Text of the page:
KNOXVILLE, Iowa – David Gravel took perhaps one of the hardest-fought wins of his World of Outlaws NOS Energy Drink Sprint Car Series career on Friday night with a thrilling triumph at Knoxville Raceway.
After a back-and-forth second-half duel with Australian Ian Madsen – including twice where Gravel passed Madsen only to lose the lead before finishing the lap – the pilot of the Jason Johnson Racing No. 41 took control of the World of Outlaws Invitational at the half-mile dirt oval coming to the white flag.
It was then – exiting the fourth corner – that Madsen washed high and got up over the cushion with his KCP Racing No. 18, losing momentum as Gravel darted past on the bottom lane to seize the lead.
After that, all Madsen could do was watch as Gravel drove away on the final circuit. The Watertown, Conn., native repeated his win from the Knoxville Nationals last August for his second-straight World of Outlaws victory at the Marion County Fairgrounds half-mile and 52nd career series win overall.
Gravel also became the fourth different winner in four races this season on the Outlaws trail.
It was a unique night, with an invitation-only field of 48 drivers and no fans in the stands, but a record crowd watching live on DIRTvision and a barn-burner of a finish worthy of their attention.
“We don’t really feel how many people are watching, maybe tens of thousands of people are watching tonight (on DIRTVision) and hopefully that was a good race for everyone to get their blood pumping again,” Gravel said. “Me and Ian just battled and battled and battled. He got tripped up there in (turns) three and four and we were able to capitalize. If not for that, I’m not sure if we’d have gotten to him. Traffic was not working out in my favor there and we got held up a few times, but we kept fighting.
“For us to be the only race this weekend and win it is just good for everybody,” Gravel added. “It’s good for JJR. Good for (team owner Bobbi Johnson’s son) Jaxx’s birthday. His favorite number is five. We drew that in the Dash. It was all meant to be.”
The night carried a very strange feel to it due to the COVID-19 pandemic, with temperature checks before anyone could enter the facility, no fans in the grandstands and strict social distancing in the pit area – including for the DIRTvision pre-race and post-race interviews during the course of the night.
Despite that, however, the action was both fast and furious all night long.
Madsen dominated the DIRTvision Fast Pass Dash to earn the pole for the 30-lap main event, but it was Daryn Pittman who raced into the lead at the kickoff of the main before Madsen soared around the outside to pass Pittman for the top spot on the ninth revolution.
By the halfway point, Gravel was running third behind Madsen and Pittman, but started his charge at that point as he dispatched Pittman to move into second on lap 16.
It took Gravel just two rocket laps to move onto Madsen’s rear nerf bar, and he nearly made the pass for the lead in turn four coming to 11 to go before being held up by slower lap traffic.
In fact, on both laps 22 and 24, Gravel had slid Madsen for the race lead. Both times, however, Madsen was able to get back past and Gravel was left wondering if a win on this night wouldn’t be meant to be.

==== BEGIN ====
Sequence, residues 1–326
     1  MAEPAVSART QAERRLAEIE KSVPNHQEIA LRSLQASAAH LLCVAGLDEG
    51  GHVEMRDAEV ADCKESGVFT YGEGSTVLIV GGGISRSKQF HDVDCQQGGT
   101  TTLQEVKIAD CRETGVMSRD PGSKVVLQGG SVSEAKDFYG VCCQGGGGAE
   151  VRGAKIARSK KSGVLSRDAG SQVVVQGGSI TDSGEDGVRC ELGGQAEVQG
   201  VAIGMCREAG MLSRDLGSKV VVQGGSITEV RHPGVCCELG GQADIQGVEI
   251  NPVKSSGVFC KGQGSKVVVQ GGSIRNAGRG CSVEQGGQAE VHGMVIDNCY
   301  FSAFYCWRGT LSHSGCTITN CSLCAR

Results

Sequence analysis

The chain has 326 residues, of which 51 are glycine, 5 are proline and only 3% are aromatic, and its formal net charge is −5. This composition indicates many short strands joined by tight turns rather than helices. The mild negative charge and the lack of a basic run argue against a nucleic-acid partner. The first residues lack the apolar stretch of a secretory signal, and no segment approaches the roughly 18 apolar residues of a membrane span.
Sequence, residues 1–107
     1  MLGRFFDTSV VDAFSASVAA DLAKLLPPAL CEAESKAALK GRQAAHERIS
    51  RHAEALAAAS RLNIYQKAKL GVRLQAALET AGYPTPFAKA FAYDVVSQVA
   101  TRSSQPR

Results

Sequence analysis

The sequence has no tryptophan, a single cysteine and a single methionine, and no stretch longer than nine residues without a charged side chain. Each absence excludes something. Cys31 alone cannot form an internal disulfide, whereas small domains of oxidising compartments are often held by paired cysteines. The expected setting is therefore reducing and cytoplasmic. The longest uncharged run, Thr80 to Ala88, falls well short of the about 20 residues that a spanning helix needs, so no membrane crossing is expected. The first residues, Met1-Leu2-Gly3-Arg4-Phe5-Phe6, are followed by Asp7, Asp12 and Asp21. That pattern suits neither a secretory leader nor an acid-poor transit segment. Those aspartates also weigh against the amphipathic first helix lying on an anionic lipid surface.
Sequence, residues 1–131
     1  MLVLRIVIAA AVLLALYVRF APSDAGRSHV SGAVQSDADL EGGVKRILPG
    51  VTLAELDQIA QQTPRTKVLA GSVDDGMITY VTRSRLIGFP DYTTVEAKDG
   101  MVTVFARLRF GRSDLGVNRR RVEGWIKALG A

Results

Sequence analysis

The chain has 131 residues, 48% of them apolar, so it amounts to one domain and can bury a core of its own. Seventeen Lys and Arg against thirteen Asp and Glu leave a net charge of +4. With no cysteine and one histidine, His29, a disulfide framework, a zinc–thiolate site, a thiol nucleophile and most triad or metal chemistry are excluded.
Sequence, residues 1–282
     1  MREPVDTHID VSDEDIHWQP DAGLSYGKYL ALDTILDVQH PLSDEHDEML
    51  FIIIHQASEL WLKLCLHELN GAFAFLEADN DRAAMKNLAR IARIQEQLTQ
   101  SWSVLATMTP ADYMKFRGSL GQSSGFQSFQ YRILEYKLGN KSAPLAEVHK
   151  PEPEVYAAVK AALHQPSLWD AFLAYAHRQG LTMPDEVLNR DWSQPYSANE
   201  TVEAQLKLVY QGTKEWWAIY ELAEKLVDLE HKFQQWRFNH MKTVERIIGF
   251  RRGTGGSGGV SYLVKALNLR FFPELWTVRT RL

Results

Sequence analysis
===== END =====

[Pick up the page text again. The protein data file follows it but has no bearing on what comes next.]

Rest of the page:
But Madsen got four tires up over the cushion in turns three and four on the penultimate lap, allowing Gravel his long-awaited opportunity to race to the bottom and race away with the lead – a lead he wouldn’t relinquish.
Though Gravel was the one celebrating in a virtually-empty victory lane, he was quick to admit that Friday night wasn’t one of the cleaner races in his World of Outlaws sprint car career.
“We haven’t been in the race car a lot, and Ian and I both made a lot of mistakes,” said Gravel, who won more than $15,000 after various contingencies and donations boosted the original $10,000 winner’s share. “I was glad it was a 30-lap race, though. If it was 25, I would have lost that one. I was really good on the bottom of one and two, but I could not come off. If I hit my marks, we were fast, but man, it was hard to do.
“Hopefully, this was a good race for everybody (watching at home) to get everyone’s blood pumping again. Ian and I just battled, and lapped cars were in my way,” Gravel continued. “He gave me a chance in three and four. It’s just good to get back in a race car and be competitive.”
Madsen came home second and noted that he was “devastated” not to pick up the win, but still seemed optimistic about where he and his KCP Racing team are at so far this season.
Logan Schuchart completed the podium and assumed the point lead as a result, followed by Pittman and California’s Cory Eliason, who was on his way to a front-row starting spot for the main event when he lost an engine in the DIRTvision Fast Pass Dash and slowed to a halt from second place.
Donny Schatz, Lynton Jeffrey and Brian Brown finished sixth through eighth, respectively, with Brad Sweet earning KSE Hard Charger honors via a run from 19th to ninth.
Kyle Larson filled out the top 10 in his first race of any kind since losing his NASCAR ride with Chip Ganassi Racing following the use of a racial slur on an iRacing event in early April. Former NASCAR star Kasey Kahne was 11th in the Last Chance Showdown.
The night’s only major incident came on lap 12 of the feature, when Kerry Madsen shredded a left-rear tire entering turn three and Sheldon Haudenschild launched over the back of Madsen’s car after having nowhere to go to avoid the No. 2m.
Haudenschild flipped in the third turn, but climbed out of his mangled car under his own power.
To view complete race results, advance to the next page.